Mr. Gandhi and Mr Trump
by Ed Chasteen
Mr. Gandhi sits across the table from me. The imagination-deprived would see only a book upon the table. That book, though, is the heart and soul of Mohandas Gandhi. An Indian by birth, a lawyer by training, a spiritual giant by assiduous application of principle, this humble and soft spoken man freed India of colonial rule. The Story Of My Experiments With Truth is the title Gandhi chose for his autobiography. In the 505 pages of this riveting book, I heard him tell me in simple words how he came to active non-violent resistance.
Non-violent resistance to oppression was not an easy sell to the Indian masses. “It seemed well nigh impossible to make them realize the duty of combining civility with fearlessness,” Mr. Gandhi said to me. “Civility does not here mean the mere outward gentleness of speech cultivated for the occasion, but an inborn gentleness and desire to do the opponent good.”
“Mr. Gandhi,” I say, “when people call me naive and simple-minded for seeing the world as you see it, I feel inadequate to the task of helping them understand. But if the world cannot operate by this principle, Mr. Gandhi, then I can never willingly make my home here. This seems to me a spiritual law, without which the exchange of views and the relations between people quickly become intolerable and impossible.”
“I have made my self a rule to help in this regard,” Mr. Gandhi said to me. “It is my rule to understand the viewpoint of the party I propose to deal with, and to try to agree with him as far as possible.”
“If I did not know how you lived your life, Mr. Gandhi, I would see no wisdom at all in your statement. Knowing, though, that you stood virtually alone and seemingly defenseless on behalf of your people against the legal and military might of a world power, I find your statement singularly powerful. As a tactic for morally disarming your opponent, it is a stroke of genius.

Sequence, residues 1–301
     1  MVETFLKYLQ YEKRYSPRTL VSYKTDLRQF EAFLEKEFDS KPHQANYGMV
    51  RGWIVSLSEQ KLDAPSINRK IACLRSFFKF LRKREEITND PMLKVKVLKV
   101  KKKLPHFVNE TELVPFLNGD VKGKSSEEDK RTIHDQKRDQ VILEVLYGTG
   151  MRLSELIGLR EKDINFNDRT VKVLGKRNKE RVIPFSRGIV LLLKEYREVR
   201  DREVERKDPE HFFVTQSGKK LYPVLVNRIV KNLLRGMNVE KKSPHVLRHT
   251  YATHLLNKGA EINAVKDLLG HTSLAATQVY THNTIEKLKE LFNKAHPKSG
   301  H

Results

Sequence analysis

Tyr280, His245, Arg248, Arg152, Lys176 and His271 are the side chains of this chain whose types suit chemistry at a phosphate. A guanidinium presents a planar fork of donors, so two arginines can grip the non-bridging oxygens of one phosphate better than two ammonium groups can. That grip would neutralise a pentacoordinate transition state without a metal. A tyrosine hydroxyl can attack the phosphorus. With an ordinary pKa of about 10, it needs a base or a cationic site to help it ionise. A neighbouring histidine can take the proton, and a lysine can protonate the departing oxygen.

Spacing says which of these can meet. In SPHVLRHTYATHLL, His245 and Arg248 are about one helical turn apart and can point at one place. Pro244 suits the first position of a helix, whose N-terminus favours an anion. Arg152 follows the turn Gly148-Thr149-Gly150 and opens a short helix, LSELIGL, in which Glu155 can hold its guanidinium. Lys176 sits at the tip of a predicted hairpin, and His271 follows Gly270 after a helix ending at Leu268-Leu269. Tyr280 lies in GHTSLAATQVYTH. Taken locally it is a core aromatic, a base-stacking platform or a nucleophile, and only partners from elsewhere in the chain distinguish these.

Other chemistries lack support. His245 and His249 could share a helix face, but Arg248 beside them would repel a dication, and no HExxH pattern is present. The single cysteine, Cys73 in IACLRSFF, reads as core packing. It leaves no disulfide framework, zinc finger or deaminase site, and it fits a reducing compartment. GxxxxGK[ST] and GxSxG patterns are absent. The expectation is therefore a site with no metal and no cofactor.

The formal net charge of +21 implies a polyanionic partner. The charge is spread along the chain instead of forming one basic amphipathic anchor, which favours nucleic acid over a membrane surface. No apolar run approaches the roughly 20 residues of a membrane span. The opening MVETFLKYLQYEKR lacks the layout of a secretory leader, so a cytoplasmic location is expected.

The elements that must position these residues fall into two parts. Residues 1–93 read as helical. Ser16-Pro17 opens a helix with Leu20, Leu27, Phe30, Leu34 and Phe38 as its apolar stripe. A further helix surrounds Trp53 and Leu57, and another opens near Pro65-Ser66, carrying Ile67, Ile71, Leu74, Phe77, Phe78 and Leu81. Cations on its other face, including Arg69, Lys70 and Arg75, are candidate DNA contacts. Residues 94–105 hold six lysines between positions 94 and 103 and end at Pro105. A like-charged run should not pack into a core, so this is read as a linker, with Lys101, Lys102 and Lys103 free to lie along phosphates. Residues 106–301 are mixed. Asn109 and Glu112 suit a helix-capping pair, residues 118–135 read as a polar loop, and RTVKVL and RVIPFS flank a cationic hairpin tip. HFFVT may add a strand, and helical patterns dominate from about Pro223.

“Thank you, also, for showing me where the search for truth leads. That paragraph on page 104 of your book captured the essence of your life and message. I hope you won’t think it presumptuous of me to quote it to you. You said: ‘To see the universal and all-pervading Spirit of Truth face to face one must be able to love the meanest of creation as oneself. And a man who aspires after that cannot afford to keep out of any field of life. That is why my devotion to Truth has drawn me into the field of politics; and I can say without the slightest hesitation, and yet in all humility, that those who say that religion has nothing to do with politics do not know what religion means’.”
Mr. Gandhi, you are not alive in our day and did not live in our country. But how you lived in your day in your country leads me to think that you would love Donald Trump as a person and oppose him as a politican.
Because I find much to admire in your approach to solving political and moral problems, I must announce to those who care what I think that while I grant to Mr. Trump the right to believe and behave as he does, I do not support his wish to lead our nation. Our national and world stage calls for a leader more measured and nuanced. Mr. Trump should return to pivate businesses and let those who have devoted years to public affairs contest with one another.